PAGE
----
There has been some concern about the fact that transaction fees (in their current form) are not an adequate replacement for the current 50BTC block reward. Gavin has said as much, as have others. The issues of incentive misalignment are described in other threads.
I'm curious: as the 50BTC->25BTC block reward reduction approaches, there is a strong incentive for the miners to modify their clients to simply ignore this rule, continue producing 50BTC-reward-blocks, and ignore any blocks which try to reduce the reward. It requires changing only a single line of code!
It is in the best interest of every miner to do this, and the miners decide what winds up in the block chain. Therefore, I suspect that it might actually happen. Is there reason to believe otherwise?
Obviously if more than half the miners agree, they can change any aspect of the bitcoin protocol. But this is a bit different: it's easier to get a bunch of people to agree to not make a scheduled change in the protocol than to make a new change. It's also easier to do this if omitting the scheduled change is in all the miners' best interest. So I think that eliminating the reward reduction is a lot more likely than any other protocol modification. "Oops, I forgot to reduce the reward I pay myself!" It's also less likely to produce panicked "OMG they changed the rules of the game" and a crash in the BTC exchange rate, since what's really happening here is less change, not more.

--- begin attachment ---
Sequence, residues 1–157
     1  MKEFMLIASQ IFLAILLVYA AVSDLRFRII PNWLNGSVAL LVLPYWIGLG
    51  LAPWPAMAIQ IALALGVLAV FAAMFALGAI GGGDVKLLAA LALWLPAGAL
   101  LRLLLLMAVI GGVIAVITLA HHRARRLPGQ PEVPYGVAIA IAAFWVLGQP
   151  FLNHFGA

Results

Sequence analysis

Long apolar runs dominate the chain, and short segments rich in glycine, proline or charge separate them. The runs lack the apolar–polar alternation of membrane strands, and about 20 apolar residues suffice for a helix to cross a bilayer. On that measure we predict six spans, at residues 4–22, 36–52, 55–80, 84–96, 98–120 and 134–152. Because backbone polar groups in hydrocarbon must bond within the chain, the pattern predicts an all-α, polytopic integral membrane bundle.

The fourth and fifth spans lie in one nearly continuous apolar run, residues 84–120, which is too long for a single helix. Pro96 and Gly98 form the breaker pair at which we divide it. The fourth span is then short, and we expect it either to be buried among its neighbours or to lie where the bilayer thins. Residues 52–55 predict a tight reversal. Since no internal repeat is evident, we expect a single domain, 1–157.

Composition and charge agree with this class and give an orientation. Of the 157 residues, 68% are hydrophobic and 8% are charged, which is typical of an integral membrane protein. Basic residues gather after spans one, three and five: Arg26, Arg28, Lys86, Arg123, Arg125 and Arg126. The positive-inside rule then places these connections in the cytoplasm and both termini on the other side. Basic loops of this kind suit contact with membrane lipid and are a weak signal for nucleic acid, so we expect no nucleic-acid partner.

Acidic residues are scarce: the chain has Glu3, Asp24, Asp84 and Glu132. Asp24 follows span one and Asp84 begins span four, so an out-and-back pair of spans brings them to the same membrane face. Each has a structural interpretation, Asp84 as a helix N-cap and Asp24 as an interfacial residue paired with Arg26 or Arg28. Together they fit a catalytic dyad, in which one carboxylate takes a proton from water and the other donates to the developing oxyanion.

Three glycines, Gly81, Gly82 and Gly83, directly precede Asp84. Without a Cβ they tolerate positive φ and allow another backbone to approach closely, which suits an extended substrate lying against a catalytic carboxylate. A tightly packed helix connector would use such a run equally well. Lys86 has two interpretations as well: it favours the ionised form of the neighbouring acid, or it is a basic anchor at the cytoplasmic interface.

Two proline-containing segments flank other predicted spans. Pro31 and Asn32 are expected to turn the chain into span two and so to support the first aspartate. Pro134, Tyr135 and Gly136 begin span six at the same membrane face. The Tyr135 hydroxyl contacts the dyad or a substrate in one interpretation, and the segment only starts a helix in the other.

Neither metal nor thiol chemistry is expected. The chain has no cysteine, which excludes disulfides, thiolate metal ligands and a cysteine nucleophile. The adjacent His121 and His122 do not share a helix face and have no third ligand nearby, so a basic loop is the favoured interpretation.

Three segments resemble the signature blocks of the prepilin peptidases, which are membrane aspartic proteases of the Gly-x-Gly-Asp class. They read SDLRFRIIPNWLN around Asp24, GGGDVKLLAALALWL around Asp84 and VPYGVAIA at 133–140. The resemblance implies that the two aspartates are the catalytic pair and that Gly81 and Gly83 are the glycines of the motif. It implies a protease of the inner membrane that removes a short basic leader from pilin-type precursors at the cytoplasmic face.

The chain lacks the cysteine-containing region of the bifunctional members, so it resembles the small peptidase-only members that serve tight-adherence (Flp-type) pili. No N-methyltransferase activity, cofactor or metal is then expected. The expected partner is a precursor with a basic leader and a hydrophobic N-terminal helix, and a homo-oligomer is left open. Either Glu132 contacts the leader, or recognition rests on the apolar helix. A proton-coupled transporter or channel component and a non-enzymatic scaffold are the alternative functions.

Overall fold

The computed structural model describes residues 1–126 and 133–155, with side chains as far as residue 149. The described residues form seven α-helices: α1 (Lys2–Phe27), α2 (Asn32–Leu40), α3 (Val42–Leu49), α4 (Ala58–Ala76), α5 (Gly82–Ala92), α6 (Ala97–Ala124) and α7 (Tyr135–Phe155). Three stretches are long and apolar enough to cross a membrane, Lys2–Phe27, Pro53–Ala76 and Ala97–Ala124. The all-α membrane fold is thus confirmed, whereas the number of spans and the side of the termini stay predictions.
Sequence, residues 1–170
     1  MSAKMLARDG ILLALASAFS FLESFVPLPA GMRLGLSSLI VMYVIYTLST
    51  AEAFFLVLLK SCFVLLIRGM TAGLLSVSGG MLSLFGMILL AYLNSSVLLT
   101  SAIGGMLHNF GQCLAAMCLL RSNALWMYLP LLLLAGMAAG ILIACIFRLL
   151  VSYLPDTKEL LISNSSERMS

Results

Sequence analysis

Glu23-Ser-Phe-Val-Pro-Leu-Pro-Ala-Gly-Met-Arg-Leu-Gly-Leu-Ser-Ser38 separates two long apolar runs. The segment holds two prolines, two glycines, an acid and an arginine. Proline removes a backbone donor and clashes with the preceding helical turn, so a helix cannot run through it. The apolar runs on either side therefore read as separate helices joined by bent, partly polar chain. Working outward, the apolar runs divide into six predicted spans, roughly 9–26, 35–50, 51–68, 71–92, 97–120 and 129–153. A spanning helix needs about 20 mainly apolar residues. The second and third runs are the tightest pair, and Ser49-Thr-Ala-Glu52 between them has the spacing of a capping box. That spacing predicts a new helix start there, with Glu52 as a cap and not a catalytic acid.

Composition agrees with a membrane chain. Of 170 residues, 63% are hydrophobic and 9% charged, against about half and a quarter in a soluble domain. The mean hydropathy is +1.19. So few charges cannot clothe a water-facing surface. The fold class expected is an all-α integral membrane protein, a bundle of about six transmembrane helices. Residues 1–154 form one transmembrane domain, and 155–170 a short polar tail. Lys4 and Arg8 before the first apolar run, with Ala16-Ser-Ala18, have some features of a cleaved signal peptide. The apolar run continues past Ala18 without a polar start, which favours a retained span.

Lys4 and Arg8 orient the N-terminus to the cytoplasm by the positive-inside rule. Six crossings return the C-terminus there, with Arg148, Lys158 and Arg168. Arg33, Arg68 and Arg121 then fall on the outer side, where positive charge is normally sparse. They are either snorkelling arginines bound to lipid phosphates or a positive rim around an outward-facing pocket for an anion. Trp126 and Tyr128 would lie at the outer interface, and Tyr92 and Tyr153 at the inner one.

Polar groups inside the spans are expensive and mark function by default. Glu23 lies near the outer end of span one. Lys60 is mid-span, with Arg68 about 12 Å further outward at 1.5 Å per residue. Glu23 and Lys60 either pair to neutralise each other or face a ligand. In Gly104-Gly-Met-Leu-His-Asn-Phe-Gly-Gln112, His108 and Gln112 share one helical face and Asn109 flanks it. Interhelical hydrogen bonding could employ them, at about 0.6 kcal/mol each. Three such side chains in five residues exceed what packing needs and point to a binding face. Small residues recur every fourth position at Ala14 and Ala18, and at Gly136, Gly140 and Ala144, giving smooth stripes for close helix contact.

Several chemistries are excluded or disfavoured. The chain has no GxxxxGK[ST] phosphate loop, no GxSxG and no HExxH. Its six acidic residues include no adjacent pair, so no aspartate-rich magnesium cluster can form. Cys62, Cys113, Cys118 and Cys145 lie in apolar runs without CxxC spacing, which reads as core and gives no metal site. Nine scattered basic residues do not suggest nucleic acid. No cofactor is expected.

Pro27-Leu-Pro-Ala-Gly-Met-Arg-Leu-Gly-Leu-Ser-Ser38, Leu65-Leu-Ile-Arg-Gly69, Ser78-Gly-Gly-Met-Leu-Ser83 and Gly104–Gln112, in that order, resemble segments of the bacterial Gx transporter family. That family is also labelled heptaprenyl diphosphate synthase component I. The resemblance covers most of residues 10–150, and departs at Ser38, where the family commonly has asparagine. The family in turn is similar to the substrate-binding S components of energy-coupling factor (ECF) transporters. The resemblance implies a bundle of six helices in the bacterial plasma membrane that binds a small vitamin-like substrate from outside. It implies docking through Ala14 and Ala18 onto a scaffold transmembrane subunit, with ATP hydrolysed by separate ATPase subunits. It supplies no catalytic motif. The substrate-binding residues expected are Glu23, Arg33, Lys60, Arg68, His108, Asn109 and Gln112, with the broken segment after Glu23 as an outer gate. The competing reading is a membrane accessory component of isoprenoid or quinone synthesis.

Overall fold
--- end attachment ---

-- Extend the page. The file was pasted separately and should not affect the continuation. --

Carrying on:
Additional note: although pooled mining makes it easier for this to happen, no "agreement between pools" or collusion is actually needed. Think of it this way: the block that is supposed to reduce the reward to 25BTC is very likely to be a forking point in the blockchain. Every miner will decide for him/herself which side of the fork to work on. The fact that there is more reward on the non-reduced side of the fork means that a rational miner will choose that side. The fact that more miners work on that fork means it will ultimately become the "real" blockchain.